Clay, his older brother, my wife and I spent the day at my parent’s house, one of the few homes we visit that calms the little guy. The open floor plan and lack of clutter seems to work for him. He’ll circle through the living room, kitchen and dining area, check out the den, then retreat to the quiet of their finished basement, where he spends most of his time. You always need that escape room. After a few hours of him wandering while we stuffed our faces and caught up with my family, Clay’s usual steady line of patter turned agitated. The keyboard was retrieved.
“What is wrong?”
Enough socializing, let’s get to the pool. The shared pool in my parent’s community is generally filled on a Sunday afternoon with seniors and their grandchildren. We knew that would be especially true on a Father’s Day when the temperature had reached into the 90s.
When we arrived, there were a few leather-skinned seniors sunning themselves in chairs at the far end of the pool like so many lizards. God help you if you splash this visor-wearing subspecies. Their forked tongues slither through their cracked lips and unpleasant things follow. We settled as far away as we could at a table under an umbrella, strapped Clay in his vest and set him loose upon the waters. Clay is an enthusiastic swimmer, although he doesn’t know any official strokes. He splashes, he jumps up and down, he waves his arms, he plunges his head under. All of this is accompanied by loud squeals and equally loud reciting of phrases from Dr. Seuss. (“My name is Sylvester McMonkey McBean” was clearly audible three states away.) A demonstration of pure childlike delight that warms a parent’s heart. People trying to relax nearby don’t always find it so thrilling.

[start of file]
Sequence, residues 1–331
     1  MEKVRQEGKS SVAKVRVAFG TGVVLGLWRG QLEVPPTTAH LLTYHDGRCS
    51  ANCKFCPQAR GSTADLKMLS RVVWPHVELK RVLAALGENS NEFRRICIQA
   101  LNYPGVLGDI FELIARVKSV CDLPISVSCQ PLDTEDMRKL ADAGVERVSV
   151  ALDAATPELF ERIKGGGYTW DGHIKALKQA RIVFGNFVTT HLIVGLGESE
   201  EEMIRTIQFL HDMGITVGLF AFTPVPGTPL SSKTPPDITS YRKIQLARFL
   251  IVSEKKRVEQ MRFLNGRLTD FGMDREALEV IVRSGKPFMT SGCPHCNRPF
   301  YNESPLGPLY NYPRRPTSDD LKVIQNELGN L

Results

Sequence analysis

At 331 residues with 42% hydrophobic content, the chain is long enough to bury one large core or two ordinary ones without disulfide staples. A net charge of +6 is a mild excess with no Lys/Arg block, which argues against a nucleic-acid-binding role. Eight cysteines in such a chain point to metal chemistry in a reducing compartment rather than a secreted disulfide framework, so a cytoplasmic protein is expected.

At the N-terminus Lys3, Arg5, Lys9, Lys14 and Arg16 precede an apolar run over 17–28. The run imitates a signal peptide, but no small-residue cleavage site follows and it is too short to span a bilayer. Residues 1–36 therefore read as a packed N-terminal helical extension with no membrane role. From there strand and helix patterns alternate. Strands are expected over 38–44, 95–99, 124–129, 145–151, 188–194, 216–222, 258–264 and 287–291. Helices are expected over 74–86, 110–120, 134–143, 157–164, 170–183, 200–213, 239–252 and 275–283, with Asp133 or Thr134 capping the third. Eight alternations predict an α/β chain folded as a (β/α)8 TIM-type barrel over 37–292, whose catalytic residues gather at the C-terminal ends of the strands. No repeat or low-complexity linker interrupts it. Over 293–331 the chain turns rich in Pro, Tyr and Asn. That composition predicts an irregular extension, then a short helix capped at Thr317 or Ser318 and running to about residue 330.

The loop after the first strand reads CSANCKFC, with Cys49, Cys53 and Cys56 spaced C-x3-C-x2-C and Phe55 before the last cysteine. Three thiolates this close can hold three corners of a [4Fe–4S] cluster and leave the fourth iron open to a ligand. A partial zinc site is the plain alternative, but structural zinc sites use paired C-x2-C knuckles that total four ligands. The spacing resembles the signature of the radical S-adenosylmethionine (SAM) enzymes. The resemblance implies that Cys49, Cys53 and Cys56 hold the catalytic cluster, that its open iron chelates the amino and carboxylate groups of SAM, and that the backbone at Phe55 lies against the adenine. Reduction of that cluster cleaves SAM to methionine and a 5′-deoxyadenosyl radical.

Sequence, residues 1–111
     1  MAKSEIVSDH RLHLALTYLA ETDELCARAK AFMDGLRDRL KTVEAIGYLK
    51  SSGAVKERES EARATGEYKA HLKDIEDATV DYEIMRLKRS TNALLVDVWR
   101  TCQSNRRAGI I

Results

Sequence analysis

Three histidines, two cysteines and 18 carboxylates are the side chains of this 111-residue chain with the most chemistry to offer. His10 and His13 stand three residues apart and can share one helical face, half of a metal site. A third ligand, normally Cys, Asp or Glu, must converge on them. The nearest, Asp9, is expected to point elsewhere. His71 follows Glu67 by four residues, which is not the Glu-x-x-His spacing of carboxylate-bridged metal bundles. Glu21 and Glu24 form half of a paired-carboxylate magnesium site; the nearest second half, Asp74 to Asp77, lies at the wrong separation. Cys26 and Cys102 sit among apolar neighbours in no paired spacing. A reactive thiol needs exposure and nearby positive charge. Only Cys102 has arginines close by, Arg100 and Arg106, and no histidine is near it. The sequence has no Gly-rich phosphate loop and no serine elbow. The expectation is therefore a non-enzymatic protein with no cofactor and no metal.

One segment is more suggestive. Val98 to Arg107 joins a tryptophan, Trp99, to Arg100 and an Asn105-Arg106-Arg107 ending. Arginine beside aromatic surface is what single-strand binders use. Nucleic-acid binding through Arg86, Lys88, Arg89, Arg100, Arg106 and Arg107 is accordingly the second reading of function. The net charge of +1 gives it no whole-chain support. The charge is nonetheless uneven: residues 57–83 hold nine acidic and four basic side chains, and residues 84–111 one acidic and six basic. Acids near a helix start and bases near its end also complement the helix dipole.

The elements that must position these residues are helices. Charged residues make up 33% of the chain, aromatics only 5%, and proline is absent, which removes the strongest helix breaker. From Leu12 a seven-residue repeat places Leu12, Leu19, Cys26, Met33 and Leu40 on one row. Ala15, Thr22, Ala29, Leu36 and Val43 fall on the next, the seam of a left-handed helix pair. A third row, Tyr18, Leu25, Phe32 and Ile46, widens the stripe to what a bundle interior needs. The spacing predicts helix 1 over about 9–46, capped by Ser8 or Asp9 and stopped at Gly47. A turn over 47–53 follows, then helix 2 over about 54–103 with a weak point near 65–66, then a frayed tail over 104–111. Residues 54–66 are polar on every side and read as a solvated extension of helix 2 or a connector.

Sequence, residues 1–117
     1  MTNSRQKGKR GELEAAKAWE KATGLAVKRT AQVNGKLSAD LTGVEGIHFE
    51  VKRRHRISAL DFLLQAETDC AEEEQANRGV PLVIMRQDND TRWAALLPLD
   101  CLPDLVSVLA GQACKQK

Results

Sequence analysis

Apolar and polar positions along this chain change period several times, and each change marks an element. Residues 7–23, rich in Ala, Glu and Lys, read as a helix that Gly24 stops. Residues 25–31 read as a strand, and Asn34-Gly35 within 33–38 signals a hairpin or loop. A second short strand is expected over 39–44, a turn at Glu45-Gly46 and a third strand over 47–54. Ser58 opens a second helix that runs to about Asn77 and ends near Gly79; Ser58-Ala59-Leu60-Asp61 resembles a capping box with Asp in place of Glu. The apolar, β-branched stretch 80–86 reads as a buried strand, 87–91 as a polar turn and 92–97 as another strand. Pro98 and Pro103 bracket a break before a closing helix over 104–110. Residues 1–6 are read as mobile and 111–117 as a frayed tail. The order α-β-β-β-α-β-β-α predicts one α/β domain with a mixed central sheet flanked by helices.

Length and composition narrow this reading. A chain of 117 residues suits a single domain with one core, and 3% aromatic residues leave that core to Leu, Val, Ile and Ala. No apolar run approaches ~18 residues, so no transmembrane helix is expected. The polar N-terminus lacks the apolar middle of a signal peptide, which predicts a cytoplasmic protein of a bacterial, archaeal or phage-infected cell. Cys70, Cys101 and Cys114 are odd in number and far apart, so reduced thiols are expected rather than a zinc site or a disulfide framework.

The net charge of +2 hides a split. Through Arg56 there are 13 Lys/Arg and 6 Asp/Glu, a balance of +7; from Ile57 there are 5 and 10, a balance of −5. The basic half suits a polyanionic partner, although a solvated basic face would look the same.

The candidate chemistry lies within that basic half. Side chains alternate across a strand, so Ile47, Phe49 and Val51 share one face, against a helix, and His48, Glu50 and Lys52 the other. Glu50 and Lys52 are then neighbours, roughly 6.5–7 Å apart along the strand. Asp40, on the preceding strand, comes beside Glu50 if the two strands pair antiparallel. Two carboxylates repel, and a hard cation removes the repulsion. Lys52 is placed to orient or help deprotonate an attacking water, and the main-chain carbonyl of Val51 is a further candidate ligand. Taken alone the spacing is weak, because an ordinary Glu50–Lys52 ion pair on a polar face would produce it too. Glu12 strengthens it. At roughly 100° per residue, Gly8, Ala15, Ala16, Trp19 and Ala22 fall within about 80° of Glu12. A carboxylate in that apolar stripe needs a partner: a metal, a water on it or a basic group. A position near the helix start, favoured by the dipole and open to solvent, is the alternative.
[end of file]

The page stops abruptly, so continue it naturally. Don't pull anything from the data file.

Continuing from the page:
About 30 minutes later, the crowd began to swell. More heavily tanned seniors. More spoiled grandchildren splashing and whining. One elderly man who was swimming laps would stop to talk with Clay when he got to our end, holding his hands and jumping up and down with him. Everyone else kept their distance. A teen who had been lying in a lounge chair nearby when we arrived, surreptitiously moved back with her family. Clay had half of an Olympic size pool to himself, while about 10 or 15 people huddled at the other end. Inevitably, one gray-haired geezer standing in shallow water, whistled and yelled at Clay to keep it down. My wife was not pleased. This is a woman who I watched curse out a drunk standing in front of our car at midnight while we attempted an ill-advised short cut through an urban landscape that looked like Dresden after the bombing. My life flashed before me once again. I told her I would talk to the man, if it kept up. Mercifully, for him (and me), he didn’t make any more comments.
The crowd kept growing. The honeymoon was over. We lured Clay out of the pool with the promise of some juice and hustled him back to my parent’s house, leaving the pool to the mob, and that one agitated 80-year-old. I think I could have taken him, but I’m glad it didn’t come to that.